Crumlin Viaduct

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Crumlin Viaduct
County Antrim
Railway Bridge, Crumlin.jpg
Crumlin Viaduct
Grid reference: J15477645
Location: 54°37’24"N, 6°12’46"W

The Crumlin Viaduct is a railway bridge in Crumlin, County Antrim. It has the distinction of being the only place in the British Isles where a train, aeroplane, car, and boat can theoretically cross paths, since uniquely it is a railway bridge straddling a road bridge across a river, with Belfast International Airport a mile to the north.


The railway line through Crumlin opened in 1871, crossing the Crumlin River by means of a simple lattice girder bridge. This was replaced in 1915 with the current structure, a Pratt truss. The original was reused at Adelaide railway station in Belfast.[1]

The current viaduct was designed and built by James Findlay & Co. of Motherwell, Lanarkshire.

Passenger traffic ceased in 1960.

The bridge was reinforced in the early 1970s in order to prepare for the reintroduction of passenger traffic, in 1974. It then carried trains between Londonderry, Antrim, Lisburn and Belfast until 2003, when the passenger service ceased once again.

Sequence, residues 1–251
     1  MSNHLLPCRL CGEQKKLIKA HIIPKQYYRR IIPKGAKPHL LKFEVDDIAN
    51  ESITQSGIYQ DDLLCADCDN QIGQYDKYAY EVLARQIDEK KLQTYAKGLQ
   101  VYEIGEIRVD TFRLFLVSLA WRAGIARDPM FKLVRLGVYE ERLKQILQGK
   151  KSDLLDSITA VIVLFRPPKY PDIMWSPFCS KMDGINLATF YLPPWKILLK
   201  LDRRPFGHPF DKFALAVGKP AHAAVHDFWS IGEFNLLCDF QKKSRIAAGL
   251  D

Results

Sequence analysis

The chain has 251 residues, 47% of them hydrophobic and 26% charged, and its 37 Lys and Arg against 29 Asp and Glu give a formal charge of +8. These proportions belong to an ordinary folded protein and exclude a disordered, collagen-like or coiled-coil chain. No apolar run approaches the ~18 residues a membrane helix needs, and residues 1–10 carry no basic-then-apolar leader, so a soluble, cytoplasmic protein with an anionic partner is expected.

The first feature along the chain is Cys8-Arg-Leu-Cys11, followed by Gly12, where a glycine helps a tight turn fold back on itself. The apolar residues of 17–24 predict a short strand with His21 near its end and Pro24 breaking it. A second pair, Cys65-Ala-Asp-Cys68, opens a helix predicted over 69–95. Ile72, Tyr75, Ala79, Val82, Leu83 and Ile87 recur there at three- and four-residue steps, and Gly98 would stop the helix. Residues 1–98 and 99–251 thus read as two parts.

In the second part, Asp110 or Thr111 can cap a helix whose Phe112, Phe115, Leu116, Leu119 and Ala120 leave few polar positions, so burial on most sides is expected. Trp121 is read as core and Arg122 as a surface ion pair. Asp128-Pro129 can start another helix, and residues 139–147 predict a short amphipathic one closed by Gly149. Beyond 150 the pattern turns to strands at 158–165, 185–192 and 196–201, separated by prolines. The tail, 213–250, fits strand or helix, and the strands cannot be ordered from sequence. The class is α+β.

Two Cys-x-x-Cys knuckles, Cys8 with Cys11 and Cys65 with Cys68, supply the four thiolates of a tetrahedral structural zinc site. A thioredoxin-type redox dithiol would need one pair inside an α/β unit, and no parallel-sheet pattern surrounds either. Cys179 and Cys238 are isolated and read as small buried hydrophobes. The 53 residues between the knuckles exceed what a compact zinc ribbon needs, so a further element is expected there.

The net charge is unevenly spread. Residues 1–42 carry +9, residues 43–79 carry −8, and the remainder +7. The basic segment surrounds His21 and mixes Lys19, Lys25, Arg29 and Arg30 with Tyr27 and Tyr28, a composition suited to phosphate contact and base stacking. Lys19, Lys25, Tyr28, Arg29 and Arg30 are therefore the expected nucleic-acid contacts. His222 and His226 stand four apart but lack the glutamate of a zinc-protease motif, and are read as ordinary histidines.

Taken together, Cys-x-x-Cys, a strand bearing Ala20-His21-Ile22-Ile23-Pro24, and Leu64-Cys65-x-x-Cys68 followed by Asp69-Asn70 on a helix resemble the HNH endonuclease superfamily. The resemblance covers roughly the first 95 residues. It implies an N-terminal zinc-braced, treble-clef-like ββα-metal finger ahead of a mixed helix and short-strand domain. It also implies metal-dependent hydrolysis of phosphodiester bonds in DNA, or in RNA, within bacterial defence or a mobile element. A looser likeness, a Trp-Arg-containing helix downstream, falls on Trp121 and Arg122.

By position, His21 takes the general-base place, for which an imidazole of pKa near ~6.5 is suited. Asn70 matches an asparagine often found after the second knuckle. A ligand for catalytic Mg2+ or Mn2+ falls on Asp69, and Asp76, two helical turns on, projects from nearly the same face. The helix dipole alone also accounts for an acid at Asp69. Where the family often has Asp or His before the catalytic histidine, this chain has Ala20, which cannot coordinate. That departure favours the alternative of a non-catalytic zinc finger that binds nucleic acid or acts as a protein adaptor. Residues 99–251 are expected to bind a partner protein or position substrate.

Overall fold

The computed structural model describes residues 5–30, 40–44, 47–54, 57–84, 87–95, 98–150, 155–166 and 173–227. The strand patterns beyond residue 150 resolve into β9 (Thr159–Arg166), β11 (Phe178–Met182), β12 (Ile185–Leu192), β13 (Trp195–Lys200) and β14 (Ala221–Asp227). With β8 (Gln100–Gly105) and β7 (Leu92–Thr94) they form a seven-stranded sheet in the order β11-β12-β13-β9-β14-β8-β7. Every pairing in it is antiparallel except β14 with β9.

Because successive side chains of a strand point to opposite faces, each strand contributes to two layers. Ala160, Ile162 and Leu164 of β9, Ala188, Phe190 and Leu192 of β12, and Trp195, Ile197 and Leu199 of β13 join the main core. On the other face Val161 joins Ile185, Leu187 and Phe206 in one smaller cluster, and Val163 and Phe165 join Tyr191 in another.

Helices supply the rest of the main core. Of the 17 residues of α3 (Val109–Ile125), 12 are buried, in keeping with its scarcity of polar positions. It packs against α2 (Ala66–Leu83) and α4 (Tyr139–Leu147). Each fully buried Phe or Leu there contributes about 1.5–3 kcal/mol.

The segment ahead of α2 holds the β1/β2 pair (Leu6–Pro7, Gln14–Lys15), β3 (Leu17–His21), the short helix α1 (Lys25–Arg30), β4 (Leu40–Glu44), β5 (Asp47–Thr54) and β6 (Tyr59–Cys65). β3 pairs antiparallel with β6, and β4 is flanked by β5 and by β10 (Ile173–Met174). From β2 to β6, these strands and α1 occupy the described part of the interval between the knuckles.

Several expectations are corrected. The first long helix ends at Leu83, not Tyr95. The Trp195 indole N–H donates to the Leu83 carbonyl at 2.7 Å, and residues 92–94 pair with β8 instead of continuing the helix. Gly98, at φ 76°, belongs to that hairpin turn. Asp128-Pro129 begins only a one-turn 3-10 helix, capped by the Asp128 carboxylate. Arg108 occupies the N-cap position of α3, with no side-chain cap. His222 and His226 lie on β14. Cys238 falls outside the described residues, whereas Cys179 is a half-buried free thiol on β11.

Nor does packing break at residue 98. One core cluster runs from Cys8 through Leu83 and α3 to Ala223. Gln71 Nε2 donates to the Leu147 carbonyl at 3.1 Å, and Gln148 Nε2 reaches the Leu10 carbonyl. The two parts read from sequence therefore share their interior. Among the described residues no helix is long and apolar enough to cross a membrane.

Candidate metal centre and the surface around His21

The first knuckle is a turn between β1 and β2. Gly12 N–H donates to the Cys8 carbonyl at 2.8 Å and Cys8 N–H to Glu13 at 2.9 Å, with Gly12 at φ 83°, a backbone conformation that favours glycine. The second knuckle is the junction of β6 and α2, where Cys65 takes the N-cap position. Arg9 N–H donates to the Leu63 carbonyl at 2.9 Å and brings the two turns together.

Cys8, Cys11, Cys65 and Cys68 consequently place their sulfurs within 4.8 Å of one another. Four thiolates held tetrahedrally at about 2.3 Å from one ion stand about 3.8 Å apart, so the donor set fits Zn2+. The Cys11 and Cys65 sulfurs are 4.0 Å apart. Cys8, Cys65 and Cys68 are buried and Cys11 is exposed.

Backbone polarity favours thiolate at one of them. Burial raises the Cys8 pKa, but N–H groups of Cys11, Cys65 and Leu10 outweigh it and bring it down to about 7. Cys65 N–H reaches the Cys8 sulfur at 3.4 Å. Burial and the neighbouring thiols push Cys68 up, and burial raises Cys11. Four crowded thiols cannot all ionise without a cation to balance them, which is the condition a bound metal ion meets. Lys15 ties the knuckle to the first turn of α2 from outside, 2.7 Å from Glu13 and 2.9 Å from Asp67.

The viaduct, along with the rest of the Lisburn - Antrim line, has lain mothballed since 2003, though both are maintained to an operational level and used for engineering trains, driver training, and diversionary passenger services when the line between Belfast and Antrim via Whiteabbey is closed. The possibility of the line’s being brought back into regular use, and thius the viaduct with it, for a circular Belfast - Antrim - Lisburn passenger service has been considered for some years.

Popular culture

The viaduct appeared in the BBC series 'Walk The Line' in 2015.


  1. Kinley, Len: 'Crumlin C1' on